For most of the year, I’m pretty content with the fact that I can’t grow facial hair.
And then November rolls around.
Movember. It’s a term we’ve all come to know and anticipate as it marks the one time of year when a bearded man stands for personal health and awareness.
With a small-scale start in 2003, a group of “Mo Bros” in Melbourne, Australia decided to grow out their facial hair to spread the word about men’s health. Now coined as Movember, a clever portmanteau of Moustache and November, what was once a small Aussie event is now an international campaign devoted to raising funds and awareness for prostate cancer research.
In 2012, the campaign officially included 29 participating countries, with over one million registered participants through their online charitable network.
The campaign is widely popular across the Hamilton and McMaster communities especially with the “McMO’sters” network that has been active and running for the last two years. Participating students are encouraged to officially register online and join the pre-existing McMaster team.
Now let’s get back to me growing facial hair.
As much as the event directly caters to the abilities of men on campus, female students are also encouraged to join in on the fun by raising money on behalf of a specific person or team taking part in the facial hair festivities.
And although taking part in Movember as a woman is equally as beneficial to the cause, it just isn’t as fun.
There are several campaigns that revolve around female-oriented causes, but none seem to have the gender pride pull that Movember offers to its gentleman participants. Although worthy commitments and campaigns, none seem to offer the same overt publicity and gimmicky excitement that bring together men during Movember.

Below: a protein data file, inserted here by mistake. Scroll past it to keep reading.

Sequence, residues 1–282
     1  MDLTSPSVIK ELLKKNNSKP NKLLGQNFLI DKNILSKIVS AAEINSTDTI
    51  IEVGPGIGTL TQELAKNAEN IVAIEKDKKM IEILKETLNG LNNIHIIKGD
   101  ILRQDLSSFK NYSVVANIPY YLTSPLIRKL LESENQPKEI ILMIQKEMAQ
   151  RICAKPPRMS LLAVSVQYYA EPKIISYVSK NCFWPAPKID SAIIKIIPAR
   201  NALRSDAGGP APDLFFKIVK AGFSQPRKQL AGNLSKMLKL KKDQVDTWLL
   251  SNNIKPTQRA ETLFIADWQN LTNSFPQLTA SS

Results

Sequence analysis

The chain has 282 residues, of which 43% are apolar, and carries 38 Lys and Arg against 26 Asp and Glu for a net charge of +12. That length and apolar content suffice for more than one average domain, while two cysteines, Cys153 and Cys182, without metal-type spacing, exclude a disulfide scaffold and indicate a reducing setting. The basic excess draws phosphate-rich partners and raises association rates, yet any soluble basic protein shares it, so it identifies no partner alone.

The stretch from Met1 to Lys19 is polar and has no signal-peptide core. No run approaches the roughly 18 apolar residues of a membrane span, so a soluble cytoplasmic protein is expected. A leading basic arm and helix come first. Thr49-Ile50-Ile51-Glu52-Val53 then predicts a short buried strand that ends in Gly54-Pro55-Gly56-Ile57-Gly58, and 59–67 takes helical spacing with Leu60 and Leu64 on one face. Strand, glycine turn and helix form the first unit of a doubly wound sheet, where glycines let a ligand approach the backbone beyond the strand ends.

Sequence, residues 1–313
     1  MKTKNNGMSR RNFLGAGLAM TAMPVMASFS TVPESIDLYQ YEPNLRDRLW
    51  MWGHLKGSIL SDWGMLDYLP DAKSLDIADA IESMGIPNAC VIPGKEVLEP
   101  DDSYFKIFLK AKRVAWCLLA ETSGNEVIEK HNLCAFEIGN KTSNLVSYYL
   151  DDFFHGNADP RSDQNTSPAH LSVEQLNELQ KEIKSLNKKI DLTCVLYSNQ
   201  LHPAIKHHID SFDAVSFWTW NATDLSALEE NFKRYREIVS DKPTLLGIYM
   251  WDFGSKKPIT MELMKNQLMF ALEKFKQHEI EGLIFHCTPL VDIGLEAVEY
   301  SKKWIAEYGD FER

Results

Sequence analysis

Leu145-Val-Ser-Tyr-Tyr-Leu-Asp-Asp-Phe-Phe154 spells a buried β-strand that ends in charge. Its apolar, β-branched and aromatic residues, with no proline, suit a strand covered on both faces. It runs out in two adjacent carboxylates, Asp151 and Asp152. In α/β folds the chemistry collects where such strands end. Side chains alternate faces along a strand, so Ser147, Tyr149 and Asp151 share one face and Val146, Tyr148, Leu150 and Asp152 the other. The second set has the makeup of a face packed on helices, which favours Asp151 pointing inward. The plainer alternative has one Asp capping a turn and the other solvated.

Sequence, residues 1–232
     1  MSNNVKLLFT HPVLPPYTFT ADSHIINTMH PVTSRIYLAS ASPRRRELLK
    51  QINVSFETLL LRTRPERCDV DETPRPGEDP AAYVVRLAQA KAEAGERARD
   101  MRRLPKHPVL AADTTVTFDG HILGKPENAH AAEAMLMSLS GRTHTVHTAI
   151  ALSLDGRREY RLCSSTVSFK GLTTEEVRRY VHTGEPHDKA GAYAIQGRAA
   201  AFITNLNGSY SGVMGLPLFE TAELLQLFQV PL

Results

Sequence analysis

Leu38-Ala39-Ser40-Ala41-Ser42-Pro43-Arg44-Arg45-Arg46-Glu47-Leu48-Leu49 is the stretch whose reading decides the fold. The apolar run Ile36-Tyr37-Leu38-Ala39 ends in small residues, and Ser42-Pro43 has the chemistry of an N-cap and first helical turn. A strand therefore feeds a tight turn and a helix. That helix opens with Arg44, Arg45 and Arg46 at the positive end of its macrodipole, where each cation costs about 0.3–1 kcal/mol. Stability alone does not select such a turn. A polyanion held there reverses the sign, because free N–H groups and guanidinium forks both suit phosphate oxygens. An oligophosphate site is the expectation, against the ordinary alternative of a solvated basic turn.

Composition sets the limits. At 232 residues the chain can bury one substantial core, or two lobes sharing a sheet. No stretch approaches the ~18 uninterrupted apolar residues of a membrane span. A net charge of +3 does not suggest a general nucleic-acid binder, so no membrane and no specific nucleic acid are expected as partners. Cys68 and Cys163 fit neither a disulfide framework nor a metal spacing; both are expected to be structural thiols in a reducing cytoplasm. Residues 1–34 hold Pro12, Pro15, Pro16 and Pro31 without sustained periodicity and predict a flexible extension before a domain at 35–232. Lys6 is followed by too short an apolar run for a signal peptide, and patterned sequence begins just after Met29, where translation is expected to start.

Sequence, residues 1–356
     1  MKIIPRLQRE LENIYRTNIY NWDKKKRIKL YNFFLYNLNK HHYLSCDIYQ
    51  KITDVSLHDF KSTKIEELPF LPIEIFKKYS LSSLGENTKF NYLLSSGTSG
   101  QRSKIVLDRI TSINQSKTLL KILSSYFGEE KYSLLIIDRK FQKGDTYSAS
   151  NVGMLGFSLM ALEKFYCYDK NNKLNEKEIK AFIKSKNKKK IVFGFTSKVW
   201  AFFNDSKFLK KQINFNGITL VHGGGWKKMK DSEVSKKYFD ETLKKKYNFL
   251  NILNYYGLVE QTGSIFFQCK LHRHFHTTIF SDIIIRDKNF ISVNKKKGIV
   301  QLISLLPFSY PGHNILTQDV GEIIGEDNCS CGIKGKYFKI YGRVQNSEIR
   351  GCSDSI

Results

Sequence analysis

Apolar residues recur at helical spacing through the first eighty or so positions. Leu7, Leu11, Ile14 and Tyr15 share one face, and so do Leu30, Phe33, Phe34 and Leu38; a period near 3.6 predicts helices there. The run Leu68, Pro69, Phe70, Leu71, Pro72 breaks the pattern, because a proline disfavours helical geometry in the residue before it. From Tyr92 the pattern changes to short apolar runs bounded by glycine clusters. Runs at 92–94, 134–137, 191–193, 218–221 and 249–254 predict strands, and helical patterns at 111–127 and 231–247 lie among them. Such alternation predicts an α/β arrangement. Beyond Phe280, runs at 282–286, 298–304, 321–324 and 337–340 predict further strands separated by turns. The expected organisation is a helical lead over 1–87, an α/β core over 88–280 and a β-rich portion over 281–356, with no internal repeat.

I appreciate the work that all charitable organizations put forward with their campaigns, but wearing a somewhat sexualized “I love boobies” bracelet just isn’t the same as bonding with my “Mo Bros” over a natural facial buy cheap generic viagra accessory.
I’m a little jealous that men have the opportunity to so openly show something that unites their gender, while women have to hide any explicit features that define their femininity.
In an attempt to find a campaign that could have the same thrilling and hairy effects of Movember, Armpits for August was started up in the UK as a way to raise money and awareness for Polycystic Ovary Syndrome research. Similarly, the “No Shave November” idea promotes similar trends for women while supporting a variety of charities. Although both of these events were built on the same principle as Movember, the event isn’t as well received or popular due to the stigma around female body hair.
Although Movember supports a great cause and has earned a well-deserved amount of support and praise, I really wish there was a way for women to support their gender in a fun and inclusive way.
This November, I’ll sport the endearing title of a “Mo Sista” to support those growing for the cause. And to be honest, I will probably be unknowingly taking part in No Shave November. Girls may not be having as much fun, but at least we’re growing in the right direction.